Advertising has been around on Twitter in a variety of forms for a while, but it seems that it's maturing beyond being all porn webcams.
One part of this has been celebrities with large Twitter followings leveraging those followers to make cash. Sites like Ad.ly and SponsoredTweets.com are paying for tweeting out advertisements, with more money going to those with larger followings.
One recent convert to Twitter advertising is someone I follow on my own account, actor/comedian Michael Ian Black. He wrote a funny (though somewhat defensive) article about it on his blog titled "In Defense of Twittertising."
"I provide a valuable service (a constant stream of dick jokes) to Twitter for free," writes Black. "As of today, I’ve written 2,655 tweets. That’s a lot of free material, all of it contributing to the entertainment of the 1.5 million people who follow me, as well as the multi-billion dollar capitalization of Twitter itself. When presented with an opportunity to get some return on my investment of time and energy, why not take it?"
He compared advertising on Twitter to a DJ reading advertisements on the radio. (Sidebar: Do people still listen to DJs on the radio?)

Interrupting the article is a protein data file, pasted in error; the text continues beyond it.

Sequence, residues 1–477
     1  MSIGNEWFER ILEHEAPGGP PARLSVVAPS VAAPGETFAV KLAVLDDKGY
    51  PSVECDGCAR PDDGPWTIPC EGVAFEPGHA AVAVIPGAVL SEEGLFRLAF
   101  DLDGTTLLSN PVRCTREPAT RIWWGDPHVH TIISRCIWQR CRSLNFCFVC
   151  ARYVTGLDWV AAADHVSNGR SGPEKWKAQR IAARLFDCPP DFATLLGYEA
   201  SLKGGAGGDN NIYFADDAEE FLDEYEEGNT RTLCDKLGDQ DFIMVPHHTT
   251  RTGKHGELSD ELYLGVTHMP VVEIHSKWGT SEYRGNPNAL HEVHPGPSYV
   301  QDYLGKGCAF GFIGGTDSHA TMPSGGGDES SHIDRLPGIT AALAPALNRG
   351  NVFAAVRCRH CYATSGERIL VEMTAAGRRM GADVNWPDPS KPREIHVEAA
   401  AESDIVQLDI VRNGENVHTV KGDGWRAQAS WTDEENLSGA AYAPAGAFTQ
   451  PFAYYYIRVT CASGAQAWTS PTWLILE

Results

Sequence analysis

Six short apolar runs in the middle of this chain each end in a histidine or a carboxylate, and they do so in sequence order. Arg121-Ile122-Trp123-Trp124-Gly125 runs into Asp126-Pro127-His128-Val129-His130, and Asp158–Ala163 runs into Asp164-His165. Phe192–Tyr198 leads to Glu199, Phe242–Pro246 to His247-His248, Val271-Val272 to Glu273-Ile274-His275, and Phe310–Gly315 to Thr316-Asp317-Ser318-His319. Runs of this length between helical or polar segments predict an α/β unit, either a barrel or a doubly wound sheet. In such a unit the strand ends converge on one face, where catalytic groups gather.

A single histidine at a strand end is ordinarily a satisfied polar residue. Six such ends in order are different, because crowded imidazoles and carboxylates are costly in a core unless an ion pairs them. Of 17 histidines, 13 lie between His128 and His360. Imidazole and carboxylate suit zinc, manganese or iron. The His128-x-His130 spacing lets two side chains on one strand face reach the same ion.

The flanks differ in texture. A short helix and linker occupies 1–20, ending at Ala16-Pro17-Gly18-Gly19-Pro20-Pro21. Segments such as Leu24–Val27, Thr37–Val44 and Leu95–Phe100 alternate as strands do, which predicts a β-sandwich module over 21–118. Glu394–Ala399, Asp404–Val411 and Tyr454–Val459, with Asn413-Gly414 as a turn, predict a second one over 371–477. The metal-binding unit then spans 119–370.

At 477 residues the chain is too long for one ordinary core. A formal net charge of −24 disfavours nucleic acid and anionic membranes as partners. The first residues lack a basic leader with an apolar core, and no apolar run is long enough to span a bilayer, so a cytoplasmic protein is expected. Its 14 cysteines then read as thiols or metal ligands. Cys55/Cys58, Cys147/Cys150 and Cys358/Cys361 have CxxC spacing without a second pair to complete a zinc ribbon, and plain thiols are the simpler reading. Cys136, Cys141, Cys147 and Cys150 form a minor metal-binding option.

Black also offered a rather hard-nosed look at the economic realities and the likely response of some fans. "There will always be a group who become upset with their favorite actor/musician/writer/racecar driver/whatever when that person accepts money instead of remaining 'pure.' I get that. I was probably like that too when I was sixteen. But the real world has a way of intruding on people’s ideals, and my mortgage doesn’t care that much about my indie cred."
The largest get for Ad.ly to date has been Kim Kardashian, with 4 million Twitter followers and counting; Kardashian reportedly makes $10,000 per sponsored tweet. Ad.ly says that ads coming from their network are clearly marked as advertising, ending with "(Ad)" and the source noted as being the Ad.ly network.
Twitter is keeping a close eye on advertising via Twitter, though, and it looks like the Ad.ly model may be in trouble according to some reports.
How do you feel about advertising on someone's Twitter account? Is it a fair use of someone's Twitter account, or do you feel there's something unethical/unseemly/unpleasant about it? Would you have a problem with it if the tweets weren't clearly marked as being sponsored?
(Photo: Amy Sussman/Getty Images)